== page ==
On September 21, the Council met and took three votes.  The first was to suspend the operation of City police (which at the time was not an official police force, it was a constable and some volunteers). The second was to suspend the collection of City taxes.  The final vote was to adjourn.

There is no record of Mayor William Ashley being present at this meeting.  Recorder A. J. Smith (the equivalent of City Clerk today) was not present.  The minutes were signed by “J. Ash, Deputy.” Records do not indicate if that gentleman was officially Deputy Recorder or if he had simply been deputized to take minutes at the meeting.  The five City Council members present were C. P. Bertrand (a former mayor and step-son of Little Rock’s first Mayor, Matthew Cunningham), S. H. Tucker, W. B. Walt, I. A. Henry (would would also serve on the first City Council after the war in 1866), and Lou George.


Little Rock Look Back: The Battle of Little Rock

301px-Battle_of_Bayou_Forche_mapOn September 10, 1863, Confederate forces under General Sterling Price evacuated Little Rock in advance of Federal forces, thus ending the Little Rock Campaign. By 5:00pm, his forces had left the city and at 7:00pm, civil authorities formally surrendered. Little Rock became the fourth Southern capital to come under Federal control.

The battle was the culmination of a campaign launched by Maj. Gen. Fred Steele, on August 1, 1863 to capture Little Rock. The campaign includes engagements at Westport, on 14 August, Harrison’s Landing, on 16 August, Brownsville on 25 August, the Reed’s Bridge, on 27 August, and Ashley’s Mills on 7 September 1863. After the Union army affected a river crossing east of Little Rock, effectively flanking the Confederate defenses north of the river, the Confederates staged a brief delaying action at Bayou Fourche to allow for evacuation of Little Rock.

The Battle of Little Rock is also known as the Battle of Bayou Fourche.


Little Rock Look Back: City Hall Ceases Operation in 1863

LR1863 minutes of closureFollowing the Battle of Little Rock, the City of Little Rock ceased operations on September 21, 1863.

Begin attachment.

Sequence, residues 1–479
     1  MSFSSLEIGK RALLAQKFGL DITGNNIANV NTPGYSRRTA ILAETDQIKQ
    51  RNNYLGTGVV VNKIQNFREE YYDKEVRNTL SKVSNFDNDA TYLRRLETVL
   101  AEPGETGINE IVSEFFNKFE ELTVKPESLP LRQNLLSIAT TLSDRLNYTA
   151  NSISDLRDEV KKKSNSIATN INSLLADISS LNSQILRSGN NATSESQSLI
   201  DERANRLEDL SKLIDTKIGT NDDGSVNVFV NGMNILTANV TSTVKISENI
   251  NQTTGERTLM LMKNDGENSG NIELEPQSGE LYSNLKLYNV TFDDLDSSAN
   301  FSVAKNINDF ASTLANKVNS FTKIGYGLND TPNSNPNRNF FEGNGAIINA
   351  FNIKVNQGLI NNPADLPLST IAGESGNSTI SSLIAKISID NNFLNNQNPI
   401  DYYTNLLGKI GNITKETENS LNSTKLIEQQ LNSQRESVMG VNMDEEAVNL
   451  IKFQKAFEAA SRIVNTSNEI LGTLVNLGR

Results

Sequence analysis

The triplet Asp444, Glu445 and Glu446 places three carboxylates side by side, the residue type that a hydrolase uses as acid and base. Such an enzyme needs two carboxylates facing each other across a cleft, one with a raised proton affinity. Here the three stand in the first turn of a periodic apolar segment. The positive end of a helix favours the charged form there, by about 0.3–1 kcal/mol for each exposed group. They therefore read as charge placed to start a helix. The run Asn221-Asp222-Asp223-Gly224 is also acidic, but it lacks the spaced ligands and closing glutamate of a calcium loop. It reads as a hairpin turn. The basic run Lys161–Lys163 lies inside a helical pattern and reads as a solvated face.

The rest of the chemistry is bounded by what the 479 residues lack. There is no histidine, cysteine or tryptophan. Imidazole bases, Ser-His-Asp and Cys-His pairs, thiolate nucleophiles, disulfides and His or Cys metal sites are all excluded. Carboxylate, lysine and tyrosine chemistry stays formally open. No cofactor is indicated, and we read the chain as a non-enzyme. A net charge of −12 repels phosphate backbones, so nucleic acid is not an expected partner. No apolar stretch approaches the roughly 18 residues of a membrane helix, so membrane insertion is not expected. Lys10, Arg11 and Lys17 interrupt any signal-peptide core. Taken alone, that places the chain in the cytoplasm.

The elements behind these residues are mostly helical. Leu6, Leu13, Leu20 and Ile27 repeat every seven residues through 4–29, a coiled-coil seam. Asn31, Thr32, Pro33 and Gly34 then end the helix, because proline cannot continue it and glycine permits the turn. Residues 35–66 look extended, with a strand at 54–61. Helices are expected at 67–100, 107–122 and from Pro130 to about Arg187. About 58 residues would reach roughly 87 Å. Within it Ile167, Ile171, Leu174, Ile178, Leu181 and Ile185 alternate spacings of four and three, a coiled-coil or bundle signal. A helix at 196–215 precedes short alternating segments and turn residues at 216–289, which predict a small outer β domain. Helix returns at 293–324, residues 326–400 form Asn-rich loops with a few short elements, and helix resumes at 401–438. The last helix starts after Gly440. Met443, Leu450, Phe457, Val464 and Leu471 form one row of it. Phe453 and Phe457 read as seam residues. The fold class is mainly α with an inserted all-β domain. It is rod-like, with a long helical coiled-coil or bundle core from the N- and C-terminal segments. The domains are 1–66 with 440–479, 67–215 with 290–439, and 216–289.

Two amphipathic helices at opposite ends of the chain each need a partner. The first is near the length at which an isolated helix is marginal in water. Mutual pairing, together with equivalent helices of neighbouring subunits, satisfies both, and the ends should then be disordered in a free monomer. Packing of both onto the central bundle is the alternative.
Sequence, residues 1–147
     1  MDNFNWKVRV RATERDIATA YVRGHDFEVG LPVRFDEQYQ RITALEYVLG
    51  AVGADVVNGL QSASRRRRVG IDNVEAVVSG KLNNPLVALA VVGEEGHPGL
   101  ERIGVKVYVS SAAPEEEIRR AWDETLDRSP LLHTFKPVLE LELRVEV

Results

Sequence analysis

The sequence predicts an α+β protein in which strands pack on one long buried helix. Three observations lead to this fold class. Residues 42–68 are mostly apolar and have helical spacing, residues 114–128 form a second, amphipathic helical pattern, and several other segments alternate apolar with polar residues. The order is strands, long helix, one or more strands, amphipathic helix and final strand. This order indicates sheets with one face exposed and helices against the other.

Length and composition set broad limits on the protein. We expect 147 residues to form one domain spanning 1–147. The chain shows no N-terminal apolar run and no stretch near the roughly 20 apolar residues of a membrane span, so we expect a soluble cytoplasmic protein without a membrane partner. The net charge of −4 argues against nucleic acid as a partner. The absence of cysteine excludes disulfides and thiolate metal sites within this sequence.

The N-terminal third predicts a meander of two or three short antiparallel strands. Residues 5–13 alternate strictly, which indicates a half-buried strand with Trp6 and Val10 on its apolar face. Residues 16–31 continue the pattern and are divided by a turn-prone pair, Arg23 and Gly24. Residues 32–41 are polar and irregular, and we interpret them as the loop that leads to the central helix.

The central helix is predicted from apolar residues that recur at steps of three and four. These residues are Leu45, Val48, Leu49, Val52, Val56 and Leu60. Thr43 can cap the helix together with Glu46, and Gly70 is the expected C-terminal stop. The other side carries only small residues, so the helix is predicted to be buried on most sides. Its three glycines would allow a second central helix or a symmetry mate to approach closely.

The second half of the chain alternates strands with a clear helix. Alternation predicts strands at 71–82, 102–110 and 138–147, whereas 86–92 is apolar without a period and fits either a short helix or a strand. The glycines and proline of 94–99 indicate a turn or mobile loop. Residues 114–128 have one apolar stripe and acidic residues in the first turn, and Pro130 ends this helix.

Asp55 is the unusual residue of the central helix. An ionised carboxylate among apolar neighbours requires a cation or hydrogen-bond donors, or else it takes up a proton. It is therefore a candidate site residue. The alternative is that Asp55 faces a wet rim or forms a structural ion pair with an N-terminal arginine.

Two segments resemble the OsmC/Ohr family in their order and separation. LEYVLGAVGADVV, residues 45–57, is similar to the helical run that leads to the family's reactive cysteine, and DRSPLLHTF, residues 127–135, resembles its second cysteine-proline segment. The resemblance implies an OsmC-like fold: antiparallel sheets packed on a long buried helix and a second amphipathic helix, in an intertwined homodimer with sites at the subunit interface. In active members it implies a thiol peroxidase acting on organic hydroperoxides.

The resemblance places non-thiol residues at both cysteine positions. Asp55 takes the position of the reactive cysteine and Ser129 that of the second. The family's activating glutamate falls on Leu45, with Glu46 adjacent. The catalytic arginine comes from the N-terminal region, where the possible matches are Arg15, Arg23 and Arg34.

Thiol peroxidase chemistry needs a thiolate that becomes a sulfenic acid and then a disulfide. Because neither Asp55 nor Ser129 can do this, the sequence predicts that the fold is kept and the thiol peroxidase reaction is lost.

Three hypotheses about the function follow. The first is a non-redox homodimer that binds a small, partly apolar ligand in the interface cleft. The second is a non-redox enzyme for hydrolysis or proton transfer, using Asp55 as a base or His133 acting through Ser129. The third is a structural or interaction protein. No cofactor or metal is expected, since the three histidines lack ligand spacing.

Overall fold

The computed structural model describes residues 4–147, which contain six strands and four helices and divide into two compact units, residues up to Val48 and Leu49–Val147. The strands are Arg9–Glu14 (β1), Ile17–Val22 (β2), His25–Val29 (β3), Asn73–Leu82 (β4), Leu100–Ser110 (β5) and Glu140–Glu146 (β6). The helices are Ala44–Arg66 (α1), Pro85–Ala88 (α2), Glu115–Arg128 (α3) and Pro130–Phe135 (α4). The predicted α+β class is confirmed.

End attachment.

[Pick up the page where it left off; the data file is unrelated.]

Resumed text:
Planning for this had started in August, which would suggest that civic leaders were none too confident in the ability of Confederate forces to hold on to the city.  At the August 24, 1863, City Council meeting it was reported that the City’s funds (presumably Confederate) had been “placed in the hands of a reliable party who is well known to the Council.”  The identity of this “reliable party” has never been disclosed.

On September 21, the Council met and took three votes.  The first was to suspend the operation of City police (which at the time was not an official police force, it was a constable and some volunteers). The second was to suspend the collection of City taxes.  The final vote was to adjourn.

There is no record of Mayor William Ashley being present at this meeting.  Recorder A. J. Smith (the equivalent of City Clerk today) was not present.  The minutes were signed by “J. Ash, Deputy.” Records do not indicate if that gentleman was officially Deputy Recorder or if he had simply been deputized to take minutes at the meeting.  The five City Council members present were C. P. Bertrand (a former mayor and step-son of Little Rock’s first Mayor, Matthew Cunningham), S. H. Tucker, W. B. Walt, I. A. Henry (would would also serve on the first City Council after the war in 1866), and Lou George.


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Little Rock Look Back: Battle of Little Rock

301px-Battle_of_Bayou_Forche_mapOn September 10, 1863, Confederate forces under General Sterling Price evacuated Little Rock in advance of Federal forces, thus ending the Little Rock Campaign. By 5:00pm, his forces had left the city and at 7:00pm, civil authorities formally surrendered. Little Rock became the fourth Southern capital to come under Federal control.

The battle was the culmination of a campaign launched by Maj. Gen. Fred Steele, on August 1, 1863 to capture Little Rock. The campaign includes engagements at Westport, on 14 August, Harrison’s Landing, on 16 August, Brownsville on 25 August, the Reed’s Bridge, on 27 August, and Ashley’s Mills on 7 September 1863. After the Union army affected a river crossing east of Little Rock, effectively flanking the Confederate defenses north of the river, the Confederates staged a brief delaying action at Bayou Fourche to allow for evacuation of Little Rock.

The Battle of Little Rock is also known as the Battle of Bayou Fourche.